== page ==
Wednesday, June 28, 2006

The lie of opposites

One of the clearest lessons I remember from my Christian Science class instruction days is the segment about the lie of opposites.

Basically, it’s the teaching that if you have one thing that fills all space and is eternal, you can’t have its opposite taking up any space or having any reality. There’s no yin/yang in Christian Science. Only the positive energy of Spirit has reality. It’s opposite, materiality, is transitory and ultimately unreal.

So when I come to this sentence in Science and Health, I’m struck again by the sheer logic of Mary Baker Eddy’s discovery:

God creates neither erring thought, mortal life, mutable truth, nor variable love.

I love that. Each one of these things is an oxymoron.

  • There is no mortal life. Ha! Yay! Take that, death.
  • There is no mutable, or changeable, truth. If it’s true, it’s always true.
  • Real love does not vary, either in object or degree.
  • And genuine thought created by God, a.k.a. idea, can make no mistake.

I’m dwelling with these concepts today.

Here are some more related passages:

Truth is immortal; error is mortal. Truth is limitless; error is limited. Truth is intelligent; error is non-intelligent. Moreover, Truth is real, and error is unreal. This last statement contains the point you will most reluctantly admit, although first and last it is the most important to understand. --p. 466

The temporal and unreal never touch the eternal and real. The mutable and imperfect never touch the immutable and perfect. The inharmonious and self-destructive never touch the harmonious and self-existent. These opposite qualities are the tares and wheat, which never really mingle, though (to mortal sight) they grow side by side until the harvest; then, Science separates the wheat from the tares, through the realization of God as ever present and of man as reflecting the divine likeness. --p. 300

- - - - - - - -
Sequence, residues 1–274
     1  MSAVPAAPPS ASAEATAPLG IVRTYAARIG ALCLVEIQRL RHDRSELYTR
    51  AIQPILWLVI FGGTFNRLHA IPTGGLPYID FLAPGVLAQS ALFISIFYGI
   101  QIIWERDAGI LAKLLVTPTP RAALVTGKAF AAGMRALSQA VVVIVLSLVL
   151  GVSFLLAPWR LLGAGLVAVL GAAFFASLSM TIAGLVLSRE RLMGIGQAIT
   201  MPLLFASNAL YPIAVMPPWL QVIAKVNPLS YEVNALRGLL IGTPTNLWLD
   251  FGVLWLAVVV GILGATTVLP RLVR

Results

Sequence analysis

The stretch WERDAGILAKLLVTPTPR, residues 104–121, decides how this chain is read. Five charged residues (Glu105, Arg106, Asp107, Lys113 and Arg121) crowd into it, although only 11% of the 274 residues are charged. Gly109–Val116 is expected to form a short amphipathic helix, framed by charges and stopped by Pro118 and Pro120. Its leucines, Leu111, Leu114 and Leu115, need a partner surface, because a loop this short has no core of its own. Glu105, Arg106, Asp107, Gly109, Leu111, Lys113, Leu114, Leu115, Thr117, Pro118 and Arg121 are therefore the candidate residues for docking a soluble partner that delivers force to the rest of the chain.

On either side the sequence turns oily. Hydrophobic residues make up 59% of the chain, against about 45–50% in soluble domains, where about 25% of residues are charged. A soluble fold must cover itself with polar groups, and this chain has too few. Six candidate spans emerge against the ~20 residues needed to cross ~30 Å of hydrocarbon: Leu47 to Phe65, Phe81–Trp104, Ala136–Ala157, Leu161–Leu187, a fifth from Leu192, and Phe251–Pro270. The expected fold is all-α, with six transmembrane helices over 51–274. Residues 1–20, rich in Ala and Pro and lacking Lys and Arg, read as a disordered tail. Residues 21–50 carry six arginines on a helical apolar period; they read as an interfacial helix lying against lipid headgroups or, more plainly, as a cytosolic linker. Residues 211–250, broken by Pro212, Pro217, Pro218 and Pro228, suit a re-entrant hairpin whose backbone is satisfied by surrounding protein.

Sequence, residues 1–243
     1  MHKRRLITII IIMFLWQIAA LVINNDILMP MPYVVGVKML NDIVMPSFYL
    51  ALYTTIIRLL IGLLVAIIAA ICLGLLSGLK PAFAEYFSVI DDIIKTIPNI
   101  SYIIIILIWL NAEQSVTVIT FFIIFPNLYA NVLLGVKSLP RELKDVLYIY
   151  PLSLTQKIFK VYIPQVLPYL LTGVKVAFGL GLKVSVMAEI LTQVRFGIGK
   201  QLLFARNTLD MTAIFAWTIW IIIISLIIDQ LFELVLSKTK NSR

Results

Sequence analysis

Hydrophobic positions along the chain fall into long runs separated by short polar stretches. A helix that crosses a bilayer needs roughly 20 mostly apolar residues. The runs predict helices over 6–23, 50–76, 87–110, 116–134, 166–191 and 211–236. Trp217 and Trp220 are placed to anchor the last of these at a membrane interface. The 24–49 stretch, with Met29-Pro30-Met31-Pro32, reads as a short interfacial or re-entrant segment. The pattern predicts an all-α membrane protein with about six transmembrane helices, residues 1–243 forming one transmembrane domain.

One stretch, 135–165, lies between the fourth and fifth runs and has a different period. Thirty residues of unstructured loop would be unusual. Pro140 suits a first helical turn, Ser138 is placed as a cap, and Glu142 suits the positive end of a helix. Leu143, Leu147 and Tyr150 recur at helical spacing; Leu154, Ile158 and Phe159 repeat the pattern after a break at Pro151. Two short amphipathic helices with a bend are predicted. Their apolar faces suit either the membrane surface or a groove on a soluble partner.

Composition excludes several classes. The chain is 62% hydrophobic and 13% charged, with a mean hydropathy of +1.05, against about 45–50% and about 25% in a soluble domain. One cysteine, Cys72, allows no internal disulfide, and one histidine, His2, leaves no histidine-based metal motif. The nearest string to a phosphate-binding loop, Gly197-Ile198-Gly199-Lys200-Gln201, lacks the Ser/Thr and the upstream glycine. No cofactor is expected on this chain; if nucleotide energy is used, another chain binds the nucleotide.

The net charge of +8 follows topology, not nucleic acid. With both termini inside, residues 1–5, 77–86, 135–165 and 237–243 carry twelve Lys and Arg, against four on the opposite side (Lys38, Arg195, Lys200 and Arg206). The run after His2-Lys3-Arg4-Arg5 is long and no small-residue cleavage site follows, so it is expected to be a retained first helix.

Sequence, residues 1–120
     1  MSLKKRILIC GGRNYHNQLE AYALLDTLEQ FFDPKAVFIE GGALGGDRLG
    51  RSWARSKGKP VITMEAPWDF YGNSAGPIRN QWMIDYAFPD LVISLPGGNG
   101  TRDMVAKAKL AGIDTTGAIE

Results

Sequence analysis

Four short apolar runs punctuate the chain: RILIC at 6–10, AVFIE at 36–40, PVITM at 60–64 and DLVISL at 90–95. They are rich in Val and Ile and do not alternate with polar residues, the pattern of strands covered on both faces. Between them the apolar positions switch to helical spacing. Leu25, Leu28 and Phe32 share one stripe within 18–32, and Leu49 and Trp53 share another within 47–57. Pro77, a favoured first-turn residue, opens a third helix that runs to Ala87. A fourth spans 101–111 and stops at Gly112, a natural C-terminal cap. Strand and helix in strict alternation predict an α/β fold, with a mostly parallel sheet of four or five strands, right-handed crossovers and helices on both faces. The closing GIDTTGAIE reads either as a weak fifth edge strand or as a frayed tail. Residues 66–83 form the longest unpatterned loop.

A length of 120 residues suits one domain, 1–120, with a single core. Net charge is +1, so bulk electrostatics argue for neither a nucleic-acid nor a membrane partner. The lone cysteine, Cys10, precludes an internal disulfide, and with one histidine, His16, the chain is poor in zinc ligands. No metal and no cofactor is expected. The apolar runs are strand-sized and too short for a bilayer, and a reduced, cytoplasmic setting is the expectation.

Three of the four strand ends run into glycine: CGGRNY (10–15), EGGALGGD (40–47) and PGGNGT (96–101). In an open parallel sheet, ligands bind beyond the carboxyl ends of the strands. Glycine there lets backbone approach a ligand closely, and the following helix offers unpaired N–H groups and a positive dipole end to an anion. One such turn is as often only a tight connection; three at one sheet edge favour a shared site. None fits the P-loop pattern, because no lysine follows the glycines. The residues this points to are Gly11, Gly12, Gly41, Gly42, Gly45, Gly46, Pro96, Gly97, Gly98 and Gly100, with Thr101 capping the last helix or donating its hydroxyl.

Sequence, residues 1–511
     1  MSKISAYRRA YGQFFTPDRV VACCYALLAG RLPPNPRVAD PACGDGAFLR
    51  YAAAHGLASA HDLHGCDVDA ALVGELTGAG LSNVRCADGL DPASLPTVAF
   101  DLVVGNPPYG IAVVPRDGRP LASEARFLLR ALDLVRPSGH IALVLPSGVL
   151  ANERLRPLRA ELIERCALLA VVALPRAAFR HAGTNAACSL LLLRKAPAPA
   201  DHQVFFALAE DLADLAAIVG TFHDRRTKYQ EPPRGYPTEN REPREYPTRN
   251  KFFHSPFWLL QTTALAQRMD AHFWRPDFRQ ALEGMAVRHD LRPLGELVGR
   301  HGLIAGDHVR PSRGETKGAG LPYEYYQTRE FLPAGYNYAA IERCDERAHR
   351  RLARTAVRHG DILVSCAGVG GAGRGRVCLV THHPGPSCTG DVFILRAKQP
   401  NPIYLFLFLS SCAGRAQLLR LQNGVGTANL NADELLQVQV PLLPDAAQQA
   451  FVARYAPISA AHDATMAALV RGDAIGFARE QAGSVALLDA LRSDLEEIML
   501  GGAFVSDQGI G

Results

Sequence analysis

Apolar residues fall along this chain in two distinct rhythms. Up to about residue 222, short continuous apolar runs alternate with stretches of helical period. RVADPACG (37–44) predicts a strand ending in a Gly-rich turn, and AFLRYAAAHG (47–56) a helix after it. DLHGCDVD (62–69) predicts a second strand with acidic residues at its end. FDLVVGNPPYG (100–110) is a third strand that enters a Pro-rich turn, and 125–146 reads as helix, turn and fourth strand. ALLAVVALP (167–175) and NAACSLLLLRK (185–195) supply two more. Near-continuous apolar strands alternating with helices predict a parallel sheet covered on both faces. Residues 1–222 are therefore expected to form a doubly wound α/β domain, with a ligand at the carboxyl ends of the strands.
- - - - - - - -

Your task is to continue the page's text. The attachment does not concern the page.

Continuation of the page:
Your ideas and inspiration are welcome! Please comment below or Contact Laura.
Email this posting to a friend with the envelope icon below. tags:


At 6/28/2006 03:32:00 PM, Blogger athos said...

Thanks, laura, this is very helpful. I am thinking along these lines because the son of a friend of mine has just died in a hiking accident.Since his life is, and always has been, immortal, he still lives...and God still loves him unconditionally, as He always has.

At 6/28/2006 09:16:00 PM, Anonymous Anonymous said...

I started having fun with the oxymorons (mortal life, etc.) esp. since a friend had sent me a long "joke" essay that was politically biased yesterday that offended me because it kept referring to certain archetypal Americans as "Total F--in Morons". I gave him a bit of lecture about that; he said, hey, it's funny, what's the big deal, and I point out that the claim of being humorous often conceals bigotry and hatred and lets them express themselves. An oxymoron about this would be, hmm, what? "Serious humor"? "Unfunny joke"? "Smiling Bigotry"?

At 6/29/2006 07:36:00 PM, Anonymous rev. veronika said...

Here is what came to me after I had read your article:

God is my strength, in Him do I trust, I cannot fear what evil can do unto me.

Truth is my strength, in It do I trust, I cannot fear what error can do unto me.

Love is my strength, in It do I trust, I cannot fear what hate can do unto me.

Spirit is my strength, in It do I trust, I cannot fear what matter can do unto me.

Soul is my strength, in it do I trust, I cannot fear what body can do unto me.

Mind is my strength, in It do I trust, I cannot fear what minds can do unto me.

Life is my strength, in It do I trust, I cannot fear what death is doing unto me.

Principle is my strength, in It do I trust, I cannot fear anything for I am safely governed by Principle Which is All-in-all.


Post a Comment

Links to this post:

Create a Link

<< Home